First Nations in Canada: Decolonization and Self-Determination


  • Mark Aquash Educational Studies, University of British Columbia



Indigenous Education, Decolonization, Self-Determination


The study of geo-political and policy relationships between First Nations and Canada enables one to consider how Canada has used education as a process of colonizing First Nations, and to consider decolonization and self-determination as processes in education that can derail oppression in First Nation communities. From the position of an Indigenous paradigm, I use histography as an organizing element and consider power relationships through the metaphor of Foucault’s (1991) conceptual framework of panopticism. Colonization processes are deeply rooted in the historical context, policies, and institutions of Canada. Paternalistic power structures and colonization has impacted many generations in First Nation communities. Decolonization and self-determination processes provide an opportunity for First Nation communities to find their own answers.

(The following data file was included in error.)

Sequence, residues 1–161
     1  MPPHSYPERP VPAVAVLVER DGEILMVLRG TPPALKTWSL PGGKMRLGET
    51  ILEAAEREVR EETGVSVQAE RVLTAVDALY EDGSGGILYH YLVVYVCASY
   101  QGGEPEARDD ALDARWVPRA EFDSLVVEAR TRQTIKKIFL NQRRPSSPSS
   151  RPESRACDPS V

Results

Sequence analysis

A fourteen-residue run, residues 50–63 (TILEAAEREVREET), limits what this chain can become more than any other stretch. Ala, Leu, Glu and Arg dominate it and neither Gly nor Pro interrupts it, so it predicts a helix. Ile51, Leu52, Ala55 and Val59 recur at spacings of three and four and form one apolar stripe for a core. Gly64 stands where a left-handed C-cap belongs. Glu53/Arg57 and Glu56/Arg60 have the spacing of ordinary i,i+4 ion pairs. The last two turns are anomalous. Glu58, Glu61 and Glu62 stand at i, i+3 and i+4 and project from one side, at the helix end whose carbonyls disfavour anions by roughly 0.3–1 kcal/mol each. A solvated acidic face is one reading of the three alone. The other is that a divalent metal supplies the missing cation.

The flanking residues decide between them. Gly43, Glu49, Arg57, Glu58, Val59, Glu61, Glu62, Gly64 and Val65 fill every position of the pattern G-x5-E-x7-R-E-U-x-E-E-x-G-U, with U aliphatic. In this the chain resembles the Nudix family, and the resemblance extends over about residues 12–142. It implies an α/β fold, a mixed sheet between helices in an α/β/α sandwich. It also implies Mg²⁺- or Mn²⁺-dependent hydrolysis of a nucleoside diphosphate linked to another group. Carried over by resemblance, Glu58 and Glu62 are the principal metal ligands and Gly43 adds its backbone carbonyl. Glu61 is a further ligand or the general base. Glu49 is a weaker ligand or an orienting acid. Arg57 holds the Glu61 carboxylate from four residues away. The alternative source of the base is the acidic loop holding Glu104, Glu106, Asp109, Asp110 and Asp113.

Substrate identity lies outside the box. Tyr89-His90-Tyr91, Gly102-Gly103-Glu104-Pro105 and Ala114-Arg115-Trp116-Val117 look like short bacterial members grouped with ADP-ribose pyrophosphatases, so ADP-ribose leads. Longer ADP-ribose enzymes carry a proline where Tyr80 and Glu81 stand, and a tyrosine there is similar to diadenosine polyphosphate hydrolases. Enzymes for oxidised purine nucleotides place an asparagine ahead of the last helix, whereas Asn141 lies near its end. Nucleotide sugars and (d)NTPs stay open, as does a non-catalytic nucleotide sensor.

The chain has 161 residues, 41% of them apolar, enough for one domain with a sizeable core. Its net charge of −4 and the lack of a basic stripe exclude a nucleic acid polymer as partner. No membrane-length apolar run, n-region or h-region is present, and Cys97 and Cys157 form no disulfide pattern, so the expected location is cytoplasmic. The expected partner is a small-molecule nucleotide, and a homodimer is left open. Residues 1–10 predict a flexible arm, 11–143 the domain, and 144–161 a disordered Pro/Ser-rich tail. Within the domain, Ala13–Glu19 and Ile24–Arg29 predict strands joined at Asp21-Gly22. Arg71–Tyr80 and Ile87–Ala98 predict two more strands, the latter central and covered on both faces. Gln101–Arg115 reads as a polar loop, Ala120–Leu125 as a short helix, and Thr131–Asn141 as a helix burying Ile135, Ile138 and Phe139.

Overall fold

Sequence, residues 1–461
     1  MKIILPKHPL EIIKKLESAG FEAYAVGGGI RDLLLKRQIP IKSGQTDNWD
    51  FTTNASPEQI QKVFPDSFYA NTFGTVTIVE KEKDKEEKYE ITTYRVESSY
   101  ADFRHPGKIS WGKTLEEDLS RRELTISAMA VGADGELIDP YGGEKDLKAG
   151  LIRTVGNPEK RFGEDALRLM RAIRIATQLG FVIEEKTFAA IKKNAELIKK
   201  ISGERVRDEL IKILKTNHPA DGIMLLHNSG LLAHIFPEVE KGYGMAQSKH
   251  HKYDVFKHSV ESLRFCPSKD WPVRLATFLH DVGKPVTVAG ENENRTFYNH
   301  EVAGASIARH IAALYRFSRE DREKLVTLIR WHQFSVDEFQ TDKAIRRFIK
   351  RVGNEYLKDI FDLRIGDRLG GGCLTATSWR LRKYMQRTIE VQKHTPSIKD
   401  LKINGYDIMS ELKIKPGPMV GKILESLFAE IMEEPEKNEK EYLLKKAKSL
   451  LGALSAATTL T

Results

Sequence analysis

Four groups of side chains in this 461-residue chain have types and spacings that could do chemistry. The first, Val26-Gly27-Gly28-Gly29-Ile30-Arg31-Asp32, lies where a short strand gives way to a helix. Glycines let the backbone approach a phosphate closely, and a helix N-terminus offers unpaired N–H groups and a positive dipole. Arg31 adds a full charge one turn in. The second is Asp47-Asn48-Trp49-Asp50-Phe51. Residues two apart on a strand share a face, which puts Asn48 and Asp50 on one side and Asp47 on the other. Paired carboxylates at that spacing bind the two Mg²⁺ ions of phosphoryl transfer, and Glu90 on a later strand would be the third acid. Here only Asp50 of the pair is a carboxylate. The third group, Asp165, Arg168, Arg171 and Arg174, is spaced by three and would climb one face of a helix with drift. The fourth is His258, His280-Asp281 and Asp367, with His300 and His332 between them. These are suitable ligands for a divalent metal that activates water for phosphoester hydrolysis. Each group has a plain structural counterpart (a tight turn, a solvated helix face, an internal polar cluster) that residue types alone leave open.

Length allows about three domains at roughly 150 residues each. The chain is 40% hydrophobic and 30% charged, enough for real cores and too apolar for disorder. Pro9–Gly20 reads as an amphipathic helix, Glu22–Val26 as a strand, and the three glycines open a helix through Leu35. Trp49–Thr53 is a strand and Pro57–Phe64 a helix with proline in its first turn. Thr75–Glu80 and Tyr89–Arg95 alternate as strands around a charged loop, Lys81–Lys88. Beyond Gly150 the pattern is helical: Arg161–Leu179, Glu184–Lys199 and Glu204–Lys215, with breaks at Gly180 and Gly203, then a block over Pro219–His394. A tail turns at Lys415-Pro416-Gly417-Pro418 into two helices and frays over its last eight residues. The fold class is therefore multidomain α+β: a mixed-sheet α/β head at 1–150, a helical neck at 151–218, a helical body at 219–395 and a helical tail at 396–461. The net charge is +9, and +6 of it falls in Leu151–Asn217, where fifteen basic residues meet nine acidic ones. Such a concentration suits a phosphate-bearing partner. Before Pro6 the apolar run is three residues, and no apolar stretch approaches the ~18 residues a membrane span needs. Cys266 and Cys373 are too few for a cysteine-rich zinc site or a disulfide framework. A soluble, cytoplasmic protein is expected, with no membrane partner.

Keywords: Indigenous education; decolonization; self-determination

Author Biography

Mark Aquash, Educational Studies, University of British Columbia

Dr. Aquash’s experience in education includes teaching, curriculum development and administrative positions as a Principal and Director at the K-12 level. His thesis entitled "Decolonization and First Nations Control Of Education" is indicative of his interest in First Nations self-determination and sovereignty. He has served in various consulting capacities in education for First Nations in Canada and American Indian Tribes in the United States. Mark has been teaching at the post-secondary level for the past twelve years and continues to maintain connections with First Nation and Tribal communities across North America. He has lectured widely on many of his research interests across Canada and the United States. In addition to being appointed as an Assistant Professor in the Department of Educational Studies, Dr. Mark Aquash has completed a three year administrative assignment as the Director of the Native Indian Teacher Education Program (NITEP) at the University of British Columbia (UBC). Currently, addressing a 3 year research project funded by the Social Science and Humanities Research Council Canada (SSHRCC) that focuses on group teaching and learning as it is applied to fluency and immersion of the Anishinaabe language.  He continues to work with communities and address his wide range of research interests. Mark's passion continues to be teaching at both graduate and undergraduate levels.




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